The Two State Solution - Foundation Office Israel
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Michael Mertes, head of KAS Israel, opened the discussion by welcoming attendants and emphasizing that KAS has always been supportive of a two-state solution, commenting that “It’s not about being left or right it’s about being reasonable.” He continued his greetings by reading a message from Ambassador (ret.) Avi Primor, the president of the Israel Council on Foreign Relations, who was unable to attend. Ambassador Primor took the opportunity to applaud the signal contribution that editors Joel Peter and David Newman made in providing in a single volume a comprehensive reference work that will be of use to policymakers, journalists, scholars and students alike, for many years to come. The chair of the Centre for the Study of European Politics and Society at BGU, Dr. Sharon Pardo, also emphasized that such a handbook outlines the complexity of the issues and the plurality of the actors involved in the conflict.
The panel began with Professor Shlomo Avineri from the Department of Political Science at Hebrew University, assessing what transpired in the Arab world in regards to the Arab Spring. Avineri explained that the Arab Spring was extraordinary and unique in that for the first time, dictatorships in the Arab world were brought down by civil society. Avineri further explained that these regimes fell because of the fact that they had lost their legitimacy in people’s eyes. He pointed out that despite the short-term success of the Arab Spring in countries like Tunisia and Egypt, most Arab governments did not fall during this historic time – and for those that did, it is hard to know if the new regimes are going to develop into stable democracies.
Avineri conveyed the difficulties of the civil society model in the Middle East as new regimes in the region may not be willing to foster a democratic grass-root culture. He stressed that in spite of the momentous changes, peace may not come for another ten to twenty years. Avineri outlined the issues that challenge the two state solution when the goal is to create a Jewish state where Jews feel secure and a state where Palestinians feel secure. In order to do so, he added that “We must challenge the status quo”, but that it was more realistic to focus on conflict management instead of lofty visions.
Professor Naomi Chazan, also from Hebrew University’s Dept. of Political Science, took to the microphone to add a different perspective of the peace movements and began the discussion by commenting: “I usually agree with my mentor and colleague Avineri, however not now. I want to present a different view and approach to the problem. I want to start off immediately by saying is what we just heard” – the so-called realistic approach – “is very consensual in Israel.” Chazan continued to explain what she feels is a contradiction in terms: “The current situation is unacceptable, the status quo is unacceptable, on the other hand there is nothing much we can do about it. In a nutshell, this has become the mainstream consensus.”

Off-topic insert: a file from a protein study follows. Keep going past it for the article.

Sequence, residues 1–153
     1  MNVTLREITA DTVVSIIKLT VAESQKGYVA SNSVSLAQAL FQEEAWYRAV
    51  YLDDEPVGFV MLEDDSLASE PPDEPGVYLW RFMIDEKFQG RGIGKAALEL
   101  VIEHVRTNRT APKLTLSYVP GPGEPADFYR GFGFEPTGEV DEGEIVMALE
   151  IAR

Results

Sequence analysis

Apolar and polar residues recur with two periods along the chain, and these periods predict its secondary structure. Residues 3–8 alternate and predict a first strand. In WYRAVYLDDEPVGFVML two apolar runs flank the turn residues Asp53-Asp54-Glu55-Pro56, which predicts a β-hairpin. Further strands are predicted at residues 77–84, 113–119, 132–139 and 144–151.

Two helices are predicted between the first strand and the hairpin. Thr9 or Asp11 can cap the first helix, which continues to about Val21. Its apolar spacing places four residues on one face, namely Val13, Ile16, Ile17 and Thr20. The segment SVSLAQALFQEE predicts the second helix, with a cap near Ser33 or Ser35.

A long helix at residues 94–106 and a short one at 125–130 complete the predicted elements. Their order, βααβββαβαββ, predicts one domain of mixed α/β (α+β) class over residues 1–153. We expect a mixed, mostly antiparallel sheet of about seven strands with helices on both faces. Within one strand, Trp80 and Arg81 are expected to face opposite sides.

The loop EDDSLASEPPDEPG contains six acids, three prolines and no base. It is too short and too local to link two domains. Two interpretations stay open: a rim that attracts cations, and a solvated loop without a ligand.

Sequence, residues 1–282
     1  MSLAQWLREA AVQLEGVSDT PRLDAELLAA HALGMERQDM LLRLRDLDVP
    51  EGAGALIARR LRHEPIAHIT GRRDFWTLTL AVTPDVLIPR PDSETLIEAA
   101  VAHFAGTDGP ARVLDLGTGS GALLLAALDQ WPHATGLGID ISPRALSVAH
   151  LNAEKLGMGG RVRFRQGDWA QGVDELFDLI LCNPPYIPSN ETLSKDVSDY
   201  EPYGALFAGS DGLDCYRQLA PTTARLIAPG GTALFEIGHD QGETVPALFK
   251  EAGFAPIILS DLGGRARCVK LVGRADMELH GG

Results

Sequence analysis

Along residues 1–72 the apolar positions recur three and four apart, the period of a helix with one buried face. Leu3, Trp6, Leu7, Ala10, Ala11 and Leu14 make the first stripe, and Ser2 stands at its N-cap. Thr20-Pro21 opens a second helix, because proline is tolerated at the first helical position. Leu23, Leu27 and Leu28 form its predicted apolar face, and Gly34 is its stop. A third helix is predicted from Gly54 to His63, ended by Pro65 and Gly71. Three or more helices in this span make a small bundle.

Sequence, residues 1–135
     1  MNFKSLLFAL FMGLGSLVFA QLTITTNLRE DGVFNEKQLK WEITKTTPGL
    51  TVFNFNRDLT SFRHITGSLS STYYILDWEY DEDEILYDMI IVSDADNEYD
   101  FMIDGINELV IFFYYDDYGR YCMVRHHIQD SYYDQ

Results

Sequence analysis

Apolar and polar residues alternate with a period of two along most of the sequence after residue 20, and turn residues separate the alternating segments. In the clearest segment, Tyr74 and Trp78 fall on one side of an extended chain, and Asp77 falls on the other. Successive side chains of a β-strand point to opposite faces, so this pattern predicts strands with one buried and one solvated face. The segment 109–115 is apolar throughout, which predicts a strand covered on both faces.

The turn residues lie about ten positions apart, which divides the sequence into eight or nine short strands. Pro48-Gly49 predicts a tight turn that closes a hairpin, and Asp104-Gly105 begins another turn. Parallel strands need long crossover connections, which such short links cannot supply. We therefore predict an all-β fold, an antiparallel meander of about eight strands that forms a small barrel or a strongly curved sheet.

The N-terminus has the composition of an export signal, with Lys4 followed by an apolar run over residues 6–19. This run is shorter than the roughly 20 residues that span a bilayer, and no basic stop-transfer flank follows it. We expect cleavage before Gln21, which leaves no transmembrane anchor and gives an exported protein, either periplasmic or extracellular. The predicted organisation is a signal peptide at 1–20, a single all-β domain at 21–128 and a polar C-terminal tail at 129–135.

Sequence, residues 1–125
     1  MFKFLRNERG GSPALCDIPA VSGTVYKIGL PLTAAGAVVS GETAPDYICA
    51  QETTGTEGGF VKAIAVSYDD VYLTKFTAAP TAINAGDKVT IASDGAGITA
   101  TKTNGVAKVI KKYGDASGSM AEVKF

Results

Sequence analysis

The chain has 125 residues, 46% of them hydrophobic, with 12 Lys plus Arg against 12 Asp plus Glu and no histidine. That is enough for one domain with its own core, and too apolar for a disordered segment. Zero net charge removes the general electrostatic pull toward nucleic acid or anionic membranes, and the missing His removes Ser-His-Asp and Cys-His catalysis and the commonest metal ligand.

Professor Chazan explained that the vision of a two state solution from the peace movement is a belief that it is not only possible, but absolutely essential in order for Israel to survive as a Jewish and democratic state. She commented on her observances that indeed, a two state solution contains dangers and opportunities but that citizens must make suggestions and be proactive in the peace process. Chazan stressed that Israelis must understand that Palestinians are their partners in the peace process and that the failure so far to come to an agreement lies on the shoulders of both sides. Chazan reiterated: “There will not be any peace in the area if there is not a resolution to live normal lives”. She commented that a society without hope, always on the defensive, always having to justify, is a sad society.
Professor Arie Arnon from the Department of Economics of BGU brought a different perspective by explaining how economics played a role in the peace process, and what its limits were. Conventional wisdom was that improving economics will decrease Palestinian resistance, but he thinks that “too much success” could also inspire resistance. He reiterated that the core problem is a political not an economic one. He explained that the old argument of “buying the other side” is not suitable to achieve peace. citing that in the past, eased restrictions allowed Palestinians to prosper but peace was not achieved. Professor Arnon asked: If economics is not a strategy for peace then what is? He followed his question by stating that we must not use our failures in peace negotiations as proof that peace does not work and instead, learn from our failures.
Professor David Newman, the Dean of the Faculty of Humanities and Social Sciences from BGU and one of the editors of the Routledge Handbook, explained that the idea of the handbook was to create something short yet comprehensive and diverse on the conflict to make it more accessible for the student population.
He commented on the conflict explaining that 50% of settlements had been created since the Oslo Accords in 1993, showing that time is of the essence in regards to coming to a peace agreement. He explained that as citizens, we must decide what compromise means to us. It is hard to compromise because people have certain preconception of what belongs to “us”, not to “them”. So the only way to reach solutions was to understand, at the end of the day, that the best solution is the one which everyone will be equally dissatisfied with.
Professor Newman closed the discussion by saying that the idea of a two state solution had been considered radical and leftist in the past. Since then, the Peace Movement has succeeded in winning broad acceptance for the idea of two state solution but has yet to offer tangible solutions.
Susi Doring Preston